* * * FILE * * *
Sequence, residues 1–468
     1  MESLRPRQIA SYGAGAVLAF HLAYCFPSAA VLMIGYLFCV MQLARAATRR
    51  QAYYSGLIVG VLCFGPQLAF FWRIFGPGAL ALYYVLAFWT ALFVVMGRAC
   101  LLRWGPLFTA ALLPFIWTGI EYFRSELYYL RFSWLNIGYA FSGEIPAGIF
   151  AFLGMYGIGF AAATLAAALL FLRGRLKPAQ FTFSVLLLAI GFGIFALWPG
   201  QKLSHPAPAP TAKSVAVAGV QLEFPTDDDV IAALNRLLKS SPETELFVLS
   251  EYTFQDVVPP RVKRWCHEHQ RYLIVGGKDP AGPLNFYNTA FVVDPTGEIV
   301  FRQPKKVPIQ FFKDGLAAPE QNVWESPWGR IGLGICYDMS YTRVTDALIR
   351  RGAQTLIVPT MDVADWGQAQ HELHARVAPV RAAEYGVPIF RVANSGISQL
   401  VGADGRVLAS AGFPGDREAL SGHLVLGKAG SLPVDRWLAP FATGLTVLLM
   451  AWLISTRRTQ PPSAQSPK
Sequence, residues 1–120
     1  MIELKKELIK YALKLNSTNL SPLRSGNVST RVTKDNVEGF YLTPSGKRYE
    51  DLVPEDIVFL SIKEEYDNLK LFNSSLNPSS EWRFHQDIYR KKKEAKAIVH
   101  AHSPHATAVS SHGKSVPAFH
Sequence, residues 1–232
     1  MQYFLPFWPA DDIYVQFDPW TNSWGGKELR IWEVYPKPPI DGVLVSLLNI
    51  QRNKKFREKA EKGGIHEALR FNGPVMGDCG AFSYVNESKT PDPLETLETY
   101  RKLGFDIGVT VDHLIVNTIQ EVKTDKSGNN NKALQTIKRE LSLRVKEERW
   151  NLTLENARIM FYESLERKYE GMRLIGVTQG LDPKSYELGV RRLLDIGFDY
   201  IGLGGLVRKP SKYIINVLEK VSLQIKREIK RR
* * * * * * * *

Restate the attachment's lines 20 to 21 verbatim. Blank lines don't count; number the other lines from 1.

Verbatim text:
   151  NLTLENARIM FYESLERKYE GMRLIGVTQG LDPKSYELGV RRLLDIGFDY
   201  IGLGGLVRKP SKYIINVLEK VSLQIKREIK RR